While pictures like the one above will forever be immortalized in hastily written articles the Internet over, the situation surrounding Frozen Ever After looks to be improving.
Certainly the website is not above going for some shock value in providing images like the one above from a post like this.
And inherent problems remain. Disney neglected to increase capacity by adding rows to the ride vehicles. And there is still just one load platform, which is somewhat inconceivable given what you would hope would be Walt Disney Company’s knowledge of operating attractions.
In fact, Disney probably decreased the capacity in keeping the load area so small. One of the problems is that there is no space and no time for the loader to find smaller size groups to fill boats that are mostly full when a large group follows. For example, let’s say you have a group of four, followed by a couple and then a group of five. The loader would be able to put the group of four in rows one and two and then the couple in row three, but the group of five would obviously not fit in the last row and it’s unlikely that there would be time to find a group of one to three people to occupy the final row. That effectively reduces the capacity of that ride vehicle by at least 25% and in turn, drops the hourly capacity further. On my first ride, the second half of our boat was completely empty. On my second, the first row was completely empty. Go figure.
While the majority of rides give 70% of their capacity to FastPass+, Frozen Ever After started distributing FastPass+ for what Disney thought would be 80% of the number of people that would be able to ride per hour. Add additional people arriving with Disability Access Service Card return times and you have very little capacity given to standby riders even with 100% uptime. In the afternoon, there can be 100 people in standby and the 101st person can still wait over an hour to ride.
You absolutely want FastPass+ for Frozen and the only way to secure them is to be staying on property and booking 60+ days out. With FastPass+ booking now starting at 7am, that means being on your computer with all of your tickets linked and ready to book no later than 6:59am on the east coast (3:59am pacific). I suggest booking Epcot FastPass+ first for whatever date you plan to visit furthest away from your check-in date. That will result in the most availability. But if you’re booking on a date that is essentially 65 or 66 days out, there will be people that are staying 10+ days on property that are able to book 68 or 69 days in advance. There will still be availability on day 64, but return times will only be in shorter and shorter supply the closer we get to a given date. 30 days out, there will literally be zero availability outside of cancellations, which are obviously infrequent.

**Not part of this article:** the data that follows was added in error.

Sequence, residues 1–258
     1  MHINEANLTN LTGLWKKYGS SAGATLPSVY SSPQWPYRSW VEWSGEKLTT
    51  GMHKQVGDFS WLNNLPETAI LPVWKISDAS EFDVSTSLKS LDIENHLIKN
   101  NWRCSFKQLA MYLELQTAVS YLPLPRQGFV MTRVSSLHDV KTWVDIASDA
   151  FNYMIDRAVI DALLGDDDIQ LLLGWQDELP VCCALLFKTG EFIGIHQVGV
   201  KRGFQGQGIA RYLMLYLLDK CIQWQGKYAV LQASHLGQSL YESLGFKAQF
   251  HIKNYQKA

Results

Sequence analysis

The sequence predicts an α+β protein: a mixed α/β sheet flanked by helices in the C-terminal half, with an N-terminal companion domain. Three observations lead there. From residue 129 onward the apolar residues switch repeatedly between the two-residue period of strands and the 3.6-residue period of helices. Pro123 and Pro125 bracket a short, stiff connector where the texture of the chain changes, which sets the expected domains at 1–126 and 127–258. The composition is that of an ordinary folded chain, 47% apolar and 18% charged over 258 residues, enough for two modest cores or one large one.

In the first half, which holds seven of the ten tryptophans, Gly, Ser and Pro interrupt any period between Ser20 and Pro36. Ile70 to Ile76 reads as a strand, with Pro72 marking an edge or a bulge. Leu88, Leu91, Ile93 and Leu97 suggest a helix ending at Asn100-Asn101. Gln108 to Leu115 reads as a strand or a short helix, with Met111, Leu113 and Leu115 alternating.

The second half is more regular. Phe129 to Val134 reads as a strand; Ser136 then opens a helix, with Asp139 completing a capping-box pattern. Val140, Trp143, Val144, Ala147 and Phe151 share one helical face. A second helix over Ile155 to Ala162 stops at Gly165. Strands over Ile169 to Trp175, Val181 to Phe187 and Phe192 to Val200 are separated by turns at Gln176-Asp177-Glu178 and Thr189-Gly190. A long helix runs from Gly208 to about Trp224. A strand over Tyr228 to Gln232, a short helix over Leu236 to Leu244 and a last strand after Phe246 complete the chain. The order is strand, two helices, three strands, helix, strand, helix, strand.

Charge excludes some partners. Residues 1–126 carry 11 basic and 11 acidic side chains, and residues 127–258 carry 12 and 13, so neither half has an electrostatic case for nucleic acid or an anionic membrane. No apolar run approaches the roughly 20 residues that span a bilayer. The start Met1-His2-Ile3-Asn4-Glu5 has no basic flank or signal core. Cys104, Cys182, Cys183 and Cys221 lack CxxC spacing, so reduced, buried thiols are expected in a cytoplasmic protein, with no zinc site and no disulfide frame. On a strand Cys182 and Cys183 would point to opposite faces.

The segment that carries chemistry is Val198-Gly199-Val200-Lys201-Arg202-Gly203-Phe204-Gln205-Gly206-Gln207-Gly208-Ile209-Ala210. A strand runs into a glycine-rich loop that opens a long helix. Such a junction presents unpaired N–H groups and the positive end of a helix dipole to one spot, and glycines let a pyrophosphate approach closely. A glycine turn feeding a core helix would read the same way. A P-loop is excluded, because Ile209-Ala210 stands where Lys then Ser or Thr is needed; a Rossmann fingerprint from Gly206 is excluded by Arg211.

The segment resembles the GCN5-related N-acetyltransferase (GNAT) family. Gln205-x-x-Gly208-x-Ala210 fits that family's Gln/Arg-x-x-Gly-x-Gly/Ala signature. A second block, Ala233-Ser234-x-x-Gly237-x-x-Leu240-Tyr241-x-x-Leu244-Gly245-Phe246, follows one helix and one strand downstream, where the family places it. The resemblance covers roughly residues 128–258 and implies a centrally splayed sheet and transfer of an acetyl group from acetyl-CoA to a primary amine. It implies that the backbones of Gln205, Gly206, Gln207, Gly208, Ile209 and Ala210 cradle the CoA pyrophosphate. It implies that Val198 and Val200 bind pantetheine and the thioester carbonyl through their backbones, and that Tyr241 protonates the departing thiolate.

Here’s a look at what wait times have looked like since the ride opened last week. Remember that red boxes indicate when the ride is either down OR only accepting FastPass+ returners:
It’s an awful lot of red over the first couple of days of operation that seems to turn more and more green as we get closer to the current date. It “feels” premature to declare that we’re out of the woods, but just over an hour of downtime/no-standby-time over the last two days certainly looks better. You may remember that there were “literally” no public soft opens for the attraction, so it does seem natural that there would be some initial growing pains. Obviously that situation is not ideal, but I’d hate to see what the fill gap would have been if we had another Rivers of Light situation on our hands. “No, really guys! We’re serious this time! Star Wars! July 19, 2023!!! Really! Book it!!”
This post from a few days ago goes into a lot more detail about how to experience Frozen Ever After with a relatively short wait, but I would reiterate that the very end of the night is your best bet, particularly if you’re visiting Epcot over two days. You can try to get in line around 8:55pm on your first night and if the ride is down, you can try something else on day two to guarantee a ride – either heading there first thing or waiting it out in the afternoon. Or hold out for the late night again. While Disney likely won’t drop the posted wait below 120 minutes after 8:30pm, actual waits should be much shorter with few FastPass+ returners heading to the ride that late and significantly more capacity given to standby.
Over at the nearby Royal Sommerhus meet and greet, where guests have the opportunity to meet Anna and Elsa in succession, wait times remain short for the most part with some of the lowest waits of the day happening in the heart of the afternoon. And with the cute, air-conditioned queue, most people won’t mind spending ten or fifteen minutes in line anyway.
The website will continue to monitor the situation.